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Teller of the Unexpected: Roald Dahl, the buried rage and the frightened little boy within

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Need for perfection: Roald Dahl in 1983

Need for perfection: Roald Dahl in 1983

Roald Dahl: Teller of the Unexpected by Matthew Dennison

Roald Dahl: Teller of the Unexpected by Matthew Dennison

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Need for perfection: Roald Dahl in 1983

‘Of the children who people his novels, none possesses two loving parents and material security, or enjoys unchallenged the freewheeling joys of country life that always delighted Roald,” writes Matthew Dennison in his poised life of Roald Dahl. He knew tragedy young, which is why, as Dennison says, “his fiction... has convinced generations of child readers that, in a world of adult menace, the author is on their side”. It was a gift bitterly bought.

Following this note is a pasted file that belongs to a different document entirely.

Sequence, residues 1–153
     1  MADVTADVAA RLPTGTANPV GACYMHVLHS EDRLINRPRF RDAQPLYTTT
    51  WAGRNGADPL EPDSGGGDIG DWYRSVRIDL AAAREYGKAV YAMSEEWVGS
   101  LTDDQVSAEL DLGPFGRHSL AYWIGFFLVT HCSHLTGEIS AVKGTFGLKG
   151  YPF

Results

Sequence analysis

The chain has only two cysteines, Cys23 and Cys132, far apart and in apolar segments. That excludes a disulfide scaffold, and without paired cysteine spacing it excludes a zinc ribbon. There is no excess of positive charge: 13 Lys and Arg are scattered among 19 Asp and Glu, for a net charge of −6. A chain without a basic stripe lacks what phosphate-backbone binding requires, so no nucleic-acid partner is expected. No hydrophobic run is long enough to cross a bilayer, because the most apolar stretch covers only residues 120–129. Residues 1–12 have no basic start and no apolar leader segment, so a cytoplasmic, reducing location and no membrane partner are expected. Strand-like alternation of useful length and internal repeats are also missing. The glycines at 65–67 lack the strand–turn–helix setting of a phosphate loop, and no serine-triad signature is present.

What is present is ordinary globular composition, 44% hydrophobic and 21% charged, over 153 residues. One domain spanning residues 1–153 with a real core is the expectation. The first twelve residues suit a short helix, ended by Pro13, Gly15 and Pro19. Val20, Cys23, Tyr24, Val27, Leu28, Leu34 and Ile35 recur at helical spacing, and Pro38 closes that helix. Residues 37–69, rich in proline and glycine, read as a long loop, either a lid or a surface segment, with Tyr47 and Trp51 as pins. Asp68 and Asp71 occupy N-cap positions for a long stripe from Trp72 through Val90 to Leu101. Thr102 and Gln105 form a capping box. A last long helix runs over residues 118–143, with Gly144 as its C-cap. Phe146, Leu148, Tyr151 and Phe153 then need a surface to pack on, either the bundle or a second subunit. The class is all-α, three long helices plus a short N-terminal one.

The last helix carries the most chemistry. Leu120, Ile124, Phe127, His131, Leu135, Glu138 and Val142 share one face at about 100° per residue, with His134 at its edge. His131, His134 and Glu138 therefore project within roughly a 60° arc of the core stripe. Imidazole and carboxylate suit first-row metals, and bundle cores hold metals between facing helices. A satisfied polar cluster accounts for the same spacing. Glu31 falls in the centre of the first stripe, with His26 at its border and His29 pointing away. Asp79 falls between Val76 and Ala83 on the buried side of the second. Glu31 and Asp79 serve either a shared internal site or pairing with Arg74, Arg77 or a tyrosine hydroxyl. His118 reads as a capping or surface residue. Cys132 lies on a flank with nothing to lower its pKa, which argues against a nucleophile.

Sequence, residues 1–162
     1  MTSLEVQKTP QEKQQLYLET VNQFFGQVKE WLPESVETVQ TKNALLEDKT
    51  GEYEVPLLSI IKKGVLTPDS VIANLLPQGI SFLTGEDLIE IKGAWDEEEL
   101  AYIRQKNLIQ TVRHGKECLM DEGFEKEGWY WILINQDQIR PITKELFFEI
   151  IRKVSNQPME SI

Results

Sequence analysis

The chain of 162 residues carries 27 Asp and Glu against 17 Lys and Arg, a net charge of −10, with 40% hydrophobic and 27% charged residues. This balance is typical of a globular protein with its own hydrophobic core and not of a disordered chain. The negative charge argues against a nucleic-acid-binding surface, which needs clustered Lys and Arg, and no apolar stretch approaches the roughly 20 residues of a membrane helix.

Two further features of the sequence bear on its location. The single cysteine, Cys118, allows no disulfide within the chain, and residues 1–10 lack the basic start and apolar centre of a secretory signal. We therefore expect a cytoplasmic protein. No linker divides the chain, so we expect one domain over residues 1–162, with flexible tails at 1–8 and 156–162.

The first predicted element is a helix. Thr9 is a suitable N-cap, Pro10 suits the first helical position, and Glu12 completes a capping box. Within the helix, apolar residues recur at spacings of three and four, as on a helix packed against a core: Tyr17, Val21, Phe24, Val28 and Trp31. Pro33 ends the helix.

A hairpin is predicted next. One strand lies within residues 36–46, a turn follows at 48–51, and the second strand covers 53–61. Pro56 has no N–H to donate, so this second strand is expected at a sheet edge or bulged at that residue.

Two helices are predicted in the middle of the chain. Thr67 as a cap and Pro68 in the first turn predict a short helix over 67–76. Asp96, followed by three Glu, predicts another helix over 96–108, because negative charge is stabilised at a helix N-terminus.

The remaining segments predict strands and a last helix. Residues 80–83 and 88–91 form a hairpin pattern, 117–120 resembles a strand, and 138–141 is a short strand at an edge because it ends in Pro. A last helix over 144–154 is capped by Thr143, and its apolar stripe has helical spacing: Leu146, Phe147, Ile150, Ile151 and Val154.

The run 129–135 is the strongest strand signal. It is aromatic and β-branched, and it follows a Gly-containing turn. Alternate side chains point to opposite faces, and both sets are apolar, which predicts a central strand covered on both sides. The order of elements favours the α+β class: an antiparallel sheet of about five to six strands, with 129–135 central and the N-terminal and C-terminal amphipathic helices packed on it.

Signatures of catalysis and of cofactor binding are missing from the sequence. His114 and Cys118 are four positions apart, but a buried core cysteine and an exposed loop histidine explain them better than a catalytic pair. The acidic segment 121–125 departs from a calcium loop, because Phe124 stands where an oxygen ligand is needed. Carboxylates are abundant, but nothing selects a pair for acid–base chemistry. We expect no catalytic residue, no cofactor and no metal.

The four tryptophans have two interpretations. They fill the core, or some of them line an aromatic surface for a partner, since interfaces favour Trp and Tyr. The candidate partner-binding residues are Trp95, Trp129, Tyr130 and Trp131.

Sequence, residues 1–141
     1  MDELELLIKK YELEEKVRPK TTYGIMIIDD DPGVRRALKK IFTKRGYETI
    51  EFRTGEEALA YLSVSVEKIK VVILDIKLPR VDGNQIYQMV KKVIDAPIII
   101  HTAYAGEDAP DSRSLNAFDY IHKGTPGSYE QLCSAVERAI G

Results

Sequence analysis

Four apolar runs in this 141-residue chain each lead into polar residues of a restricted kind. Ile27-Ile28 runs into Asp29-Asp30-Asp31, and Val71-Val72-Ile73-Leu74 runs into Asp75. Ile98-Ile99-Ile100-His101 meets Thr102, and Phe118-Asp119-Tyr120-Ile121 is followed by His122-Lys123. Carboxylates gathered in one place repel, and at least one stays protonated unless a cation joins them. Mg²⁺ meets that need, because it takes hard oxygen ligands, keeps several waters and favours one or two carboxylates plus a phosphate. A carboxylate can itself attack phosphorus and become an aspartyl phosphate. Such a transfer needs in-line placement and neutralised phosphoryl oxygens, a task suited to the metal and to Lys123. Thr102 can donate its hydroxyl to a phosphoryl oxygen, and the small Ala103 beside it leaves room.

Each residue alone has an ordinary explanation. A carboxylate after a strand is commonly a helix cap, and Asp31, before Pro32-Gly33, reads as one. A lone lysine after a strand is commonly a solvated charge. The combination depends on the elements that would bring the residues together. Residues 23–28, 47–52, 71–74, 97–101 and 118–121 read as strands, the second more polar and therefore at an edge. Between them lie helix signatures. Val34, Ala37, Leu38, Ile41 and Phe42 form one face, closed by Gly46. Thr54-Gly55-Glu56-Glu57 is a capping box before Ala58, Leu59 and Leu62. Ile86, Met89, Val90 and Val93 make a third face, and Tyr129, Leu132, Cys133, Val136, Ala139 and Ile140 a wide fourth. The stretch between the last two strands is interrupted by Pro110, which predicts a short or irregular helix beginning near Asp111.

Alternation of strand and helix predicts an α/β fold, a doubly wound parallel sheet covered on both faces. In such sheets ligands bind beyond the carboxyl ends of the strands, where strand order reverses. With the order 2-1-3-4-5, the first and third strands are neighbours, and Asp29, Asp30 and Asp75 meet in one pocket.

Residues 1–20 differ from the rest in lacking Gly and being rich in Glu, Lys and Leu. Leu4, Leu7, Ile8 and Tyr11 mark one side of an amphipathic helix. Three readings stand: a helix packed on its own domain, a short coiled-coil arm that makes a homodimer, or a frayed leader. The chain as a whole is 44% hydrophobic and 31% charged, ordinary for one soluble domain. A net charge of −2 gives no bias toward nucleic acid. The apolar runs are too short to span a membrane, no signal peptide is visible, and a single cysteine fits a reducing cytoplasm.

When he was three, his sister Astri, seven, died. His father Harald followed a few weeks later. This father — a wealthy, cultured Norwegian who made his home in south Wales — left a strange legacy: orders that his “dauntless, practical and fearless” wife Sofie Magdalene raise his four surviving children — Roald was the only son — in Britain. It’s a curious edict, laying isolation — Sofie Magdalene’s family were in Norway — upon trauma. “Personal experience,” writes Dennison, “beginning with the unremembered traumas of his father and sister’s deaths, would convince Roald of the ubiquity of caprice in human lives.”


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